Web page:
If you want to markup the product price, you need to define an itemscope for the type Offer before, as the price is a property of ‘Offer’. You can easily nest scopes, but please be careful to follow schema’s structure.

The price section without markup looks like this in my case:

<div>`` <span id="ProductPrice-{{ section_id }}" class="product__price{% if current_variant.compare_at_price > current_variant.price %} on-sale{% endif %}" content="{{ current_variant.price | divided_by: 100.00 }}">
{{ current_variant.price | money }}

To make the price readable for search engines, I would need to add the following scopes:

<div itemprop="offers" itemscope itemtype="">
<span id="ProductPrice-{{ section_id }}" itemprop="price" class="product__price{% if current_variant.compare_at_price > current_variant.price %} on-sale{% endif %}" content="{{ current_variant.price | divided_by: 100.00 }}">
{{ current_variant.price | money }}

As you can see, an element can be both, a property of a item (“offers”) and an itemtype scope (“Offer”).

Your Search Results Drive Traffic – All Good?

You use SEO to drive traffic to your website. While this is definitely a good strategy, you are only optimizing your organic traffic channel instead of individual user flows.

What does that mean? Because multi-channel marketing is complex, many marketers focus on improving their existing channels and tend to forget about the big picture. They strengthen channels which prove to be successful, but: Is it really about the channels? Shouldn’t the individual visitor be the center of any marketing effort?

Optimize Your User Flows, Not Your Channels

Visitor personalization means to put marketing back on its feet. What matters most is giving the right response to a specific user at the right time. Not the search engines you optimize for nor the tools you use should restrict this response, but rather where your user is at during the individual decision making process.

Let me explain this…

Where Are My Users?

The above question can be answered in a simple and a sophisticated way.

The usual perspective is to look at channels that drive (high quality) traffic, meaning: “Where are my users – so I can approach them?”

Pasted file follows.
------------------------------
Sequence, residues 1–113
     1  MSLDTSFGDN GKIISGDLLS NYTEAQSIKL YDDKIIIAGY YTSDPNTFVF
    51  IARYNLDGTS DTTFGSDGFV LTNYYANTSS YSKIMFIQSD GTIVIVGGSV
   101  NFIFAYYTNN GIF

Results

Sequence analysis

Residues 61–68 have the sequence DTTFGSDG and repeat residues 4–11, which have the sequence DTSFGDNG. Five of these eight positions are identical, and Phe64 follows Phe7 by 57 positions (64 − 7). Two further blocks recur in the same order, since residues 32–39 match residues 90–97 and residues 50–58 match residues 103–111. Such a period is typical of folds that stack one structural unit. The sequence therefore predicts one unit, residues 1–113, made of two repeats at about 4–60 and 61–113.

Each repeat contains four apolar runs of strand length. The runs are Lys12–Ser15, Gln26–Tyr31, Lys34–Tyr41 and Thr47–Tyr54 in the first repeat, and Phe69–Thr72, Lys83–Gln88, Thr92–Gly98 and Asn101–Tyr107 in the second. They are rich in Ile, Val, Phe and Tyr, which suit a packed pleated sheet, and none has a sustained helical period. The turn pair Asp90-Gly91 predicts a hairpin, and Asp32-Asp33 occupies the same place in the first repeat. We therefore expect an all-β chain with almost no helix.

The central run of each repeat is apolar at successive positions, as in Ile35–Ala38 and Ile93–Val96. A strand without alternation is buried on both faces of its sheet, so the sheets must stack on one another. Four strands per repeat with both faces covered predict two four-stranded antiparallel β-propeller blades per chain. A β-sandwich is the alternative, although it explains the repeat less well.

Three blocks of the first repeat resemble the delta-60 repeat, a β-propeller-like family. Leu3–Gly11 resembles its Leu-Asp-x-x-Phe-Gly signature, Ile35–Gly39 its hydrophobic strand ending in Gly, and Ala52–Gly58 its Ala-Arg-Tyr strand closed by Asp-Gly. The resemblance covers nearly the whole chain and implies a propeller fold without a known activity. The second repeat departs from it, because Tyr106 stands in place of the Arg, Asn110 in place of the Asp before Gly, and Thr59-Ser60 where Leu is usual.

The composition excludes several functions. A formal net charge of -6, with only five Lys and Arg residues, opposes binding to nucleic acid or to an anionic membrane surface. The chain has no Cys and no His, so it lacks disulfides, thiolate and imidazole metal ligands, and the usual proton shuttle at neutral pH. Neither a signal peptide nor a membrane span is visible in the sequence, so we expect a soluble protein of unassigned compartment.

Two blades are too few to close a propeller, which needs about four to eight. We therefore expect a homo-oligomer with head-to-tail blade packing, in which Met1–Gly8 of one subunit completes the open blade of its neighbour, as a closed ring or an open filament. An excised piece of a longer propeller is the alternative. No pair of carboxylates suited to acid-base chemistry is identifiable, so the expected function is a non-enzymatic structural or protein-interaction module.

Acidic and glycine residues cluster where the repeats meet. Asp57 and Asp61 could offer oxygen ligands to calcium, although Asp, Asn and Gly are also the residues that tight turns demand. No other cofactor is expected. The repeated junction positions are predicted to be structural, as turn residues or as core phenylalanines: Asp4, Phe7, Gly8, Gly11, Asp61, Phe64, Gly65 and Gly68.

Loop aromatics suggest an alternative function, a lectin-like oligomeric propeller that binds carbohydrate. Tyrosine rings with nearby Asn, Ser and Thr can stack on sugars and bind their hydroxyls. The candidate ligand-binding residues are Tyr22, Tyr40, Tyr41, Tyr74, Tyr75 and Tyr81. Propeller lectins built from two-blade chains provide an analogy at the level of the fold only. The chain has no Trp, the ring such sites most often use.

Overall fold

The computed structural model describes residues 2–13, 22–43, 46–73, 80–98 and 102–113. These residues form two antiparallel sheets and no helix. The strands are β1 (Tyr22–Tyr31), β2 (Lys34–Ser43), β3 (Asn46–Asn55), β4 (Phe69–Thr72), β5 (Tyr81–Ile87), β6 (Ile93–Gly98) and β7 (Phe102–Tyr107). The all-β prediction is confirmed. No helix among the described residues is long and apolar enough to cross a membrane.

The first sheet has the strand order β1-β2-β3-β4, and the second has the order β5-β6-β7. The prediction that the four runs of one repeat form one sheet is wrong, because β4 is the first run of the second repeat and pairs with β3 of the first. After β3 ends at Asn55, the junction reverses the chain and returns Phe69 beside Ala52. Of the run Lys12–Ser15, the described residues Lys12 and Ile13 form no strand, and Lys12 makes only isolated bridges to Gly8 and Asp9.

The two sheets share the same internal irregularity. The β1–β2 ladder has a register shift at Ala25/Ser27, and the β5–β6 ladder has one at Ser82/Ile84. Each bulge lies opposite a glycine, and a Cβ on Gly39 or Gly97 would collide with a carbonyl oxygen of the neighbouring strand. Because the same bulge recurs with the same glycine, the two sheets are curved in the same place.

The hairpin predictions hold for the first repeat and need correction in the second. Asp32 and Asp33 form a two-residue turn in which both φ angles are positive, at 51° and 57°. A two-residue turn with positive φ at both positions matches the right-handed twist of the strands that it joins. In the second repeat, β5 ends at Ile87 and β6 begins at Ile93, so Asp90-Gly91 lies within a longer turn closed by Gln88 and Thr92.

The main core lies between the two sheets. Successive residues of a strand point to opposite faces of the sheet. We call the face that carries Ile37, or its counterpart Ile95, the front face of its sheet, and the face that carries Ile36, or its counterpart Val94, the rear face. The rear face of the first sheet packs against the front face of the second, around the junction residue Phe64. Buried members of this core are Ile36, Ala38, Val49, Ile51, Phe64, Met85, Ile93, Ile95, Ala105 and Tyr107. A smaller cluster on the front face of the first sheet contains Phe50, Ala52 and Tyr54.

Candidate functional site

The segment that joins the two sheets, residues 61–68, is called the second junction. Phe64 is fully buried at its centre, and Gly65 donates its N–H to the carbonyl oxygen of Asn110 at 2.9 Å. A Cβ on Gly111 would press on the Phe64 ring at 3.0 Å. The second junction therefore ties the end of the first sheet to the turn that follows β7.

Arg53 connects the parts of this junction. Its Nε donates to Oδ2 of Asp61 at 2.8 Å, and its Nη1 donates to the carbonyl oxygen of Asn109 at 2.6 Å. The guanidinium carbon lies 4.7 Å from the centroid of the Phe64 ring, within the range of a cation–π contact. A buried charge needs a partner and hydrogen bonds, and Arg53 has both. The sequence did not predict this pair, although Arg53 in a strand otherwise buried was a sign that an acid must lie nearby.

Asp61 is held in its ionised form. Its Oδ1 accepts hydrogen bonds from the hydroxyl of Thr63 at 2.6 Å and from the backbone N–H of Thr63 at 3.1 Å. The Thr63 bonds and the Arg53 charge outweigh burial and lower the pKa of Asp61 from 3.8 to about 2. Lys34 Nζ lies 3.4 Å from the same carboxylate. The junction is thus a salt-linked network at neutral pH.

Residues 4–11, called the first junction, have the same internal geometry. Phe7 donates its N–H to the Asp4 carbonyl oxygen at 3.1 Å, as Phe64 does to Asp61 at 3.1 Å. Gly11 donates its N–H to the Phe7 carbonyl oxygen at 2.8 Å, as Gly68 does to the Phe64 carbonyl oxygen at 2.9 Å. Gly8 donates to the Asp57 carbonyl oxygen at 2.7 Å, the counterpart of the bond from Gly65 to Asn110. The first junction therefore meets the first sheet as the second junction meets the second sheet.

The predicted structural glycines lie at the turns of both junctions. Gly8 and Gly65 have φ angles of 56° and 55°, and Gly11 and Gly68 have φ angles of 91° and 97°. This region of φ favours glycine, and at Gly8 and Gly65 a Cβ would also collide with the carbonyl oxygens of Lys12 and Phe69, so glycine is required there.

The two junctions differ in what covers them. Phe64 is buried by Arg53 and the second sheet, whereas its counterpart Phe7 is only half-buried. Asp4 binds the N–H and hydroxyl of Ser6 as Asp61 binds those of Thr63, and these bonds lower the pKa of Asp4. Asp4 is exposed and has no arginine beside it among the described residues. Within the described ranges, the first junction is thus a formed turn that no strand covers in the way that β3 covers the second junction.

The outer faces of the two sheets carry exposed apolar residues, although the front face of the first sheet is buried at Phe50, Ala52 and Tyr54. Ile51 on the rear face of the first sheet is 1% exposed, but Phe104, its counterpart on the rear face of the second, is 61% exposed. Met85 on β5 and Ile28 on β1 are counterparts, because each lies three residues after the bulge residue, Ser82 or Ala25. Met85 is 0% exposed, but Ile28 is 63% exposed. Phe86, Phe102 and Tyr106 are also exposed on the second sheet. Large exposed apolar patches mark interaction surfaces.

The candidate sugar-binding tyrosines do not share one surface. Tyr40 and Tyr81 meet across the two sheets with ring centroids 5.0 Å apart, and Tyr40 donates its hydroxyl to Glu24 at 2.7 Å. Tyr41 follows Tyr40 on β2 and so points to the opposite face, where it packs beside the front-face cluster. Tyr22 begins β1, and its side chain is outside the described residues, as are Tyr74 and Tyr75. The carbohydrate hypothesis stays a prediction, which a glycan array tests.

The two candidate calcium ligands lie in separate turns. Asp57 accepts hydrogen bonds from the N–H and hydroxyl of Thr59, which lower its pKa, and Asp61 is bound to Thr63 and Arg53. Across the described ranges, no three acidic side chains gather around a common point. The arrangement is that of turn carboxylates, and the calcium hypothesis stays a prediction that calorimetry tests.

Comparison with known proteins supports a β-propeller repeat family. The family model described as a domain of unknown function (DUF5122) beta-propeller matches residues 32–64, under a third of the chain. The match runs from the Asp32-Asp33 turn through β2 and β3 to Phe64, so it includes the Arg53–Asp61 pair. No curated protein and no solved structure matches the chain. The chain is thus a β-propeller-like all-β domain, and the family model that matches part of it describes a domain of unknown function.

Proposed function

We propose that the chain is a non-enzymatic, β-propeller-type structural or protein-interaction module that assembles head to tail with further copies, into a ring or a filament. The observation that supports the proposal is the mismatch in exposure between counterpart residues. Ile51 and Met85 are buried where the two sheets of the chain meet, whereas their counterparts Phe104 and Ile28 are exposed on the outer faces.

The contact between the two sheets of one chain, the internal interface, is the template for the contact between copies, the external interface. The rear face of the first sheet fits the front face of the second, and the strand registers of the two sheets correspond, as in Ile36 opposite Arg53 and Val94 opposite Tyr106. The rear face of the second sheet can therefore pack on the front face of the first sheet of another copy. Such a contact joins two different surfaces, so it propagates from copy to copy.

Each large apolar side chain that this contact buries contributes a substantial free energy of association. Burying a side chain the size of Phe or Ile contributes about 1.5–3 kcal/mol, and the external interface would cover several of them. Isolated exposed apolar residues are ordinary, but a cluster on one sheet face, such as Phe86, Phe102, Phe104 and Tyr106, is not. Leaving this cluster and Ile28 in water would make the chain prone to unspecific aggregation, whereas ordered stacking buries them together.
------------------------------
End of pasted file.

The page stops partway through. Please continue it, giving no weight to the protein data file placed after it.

However, smart marketers are thinking differently: “Where are my users – in their heads, in this moment?”

In most cases you would want to address your users on your website, right there when they are actually browsing and exploring your products. Why? Because your website usually is the spot where sales are closed while your several channels such as search engines, email, social, retargeting etc. lead to it.

Don’t get me wrong: To address users on your website you still need those channels for two reasons:

  • Quantity: To drive traffic.
  • Quality: To collect data from this traffic.

The central idea of a personalization system such as Intempt is to segment users based on data coming in from multiple sources like search engines, email, social or retargeting to then guide these users on your website (like shop owners do when you are in a physical store).

And you may even predict your user’s next steps and take action using collected data from previous users (see below).

Many marketers believe if visitors click on an organic search result this means their SEO works and the specific page ranks high.

While this isn’t wrong to believe, they still focus too much on the channel instead of their actual visitors. Let me give you an example: We already touched on the price point before when discussing the structured data template. If your product range is small, it is comparably easy for your visitors to understand the pricing structure and available options your shop offers.

However, the larger the product catalog gets, the trickier it is for them to find products that match with their expectations so they would buy.

How to Guide Your Visitors So They Don’t Get Lost?

This applies especially if someone is a first time visitor coming from a search engine and not being familiar with your website. It is very likely this visitor will never return if no pleasing products are displayed within the first 2 minutes.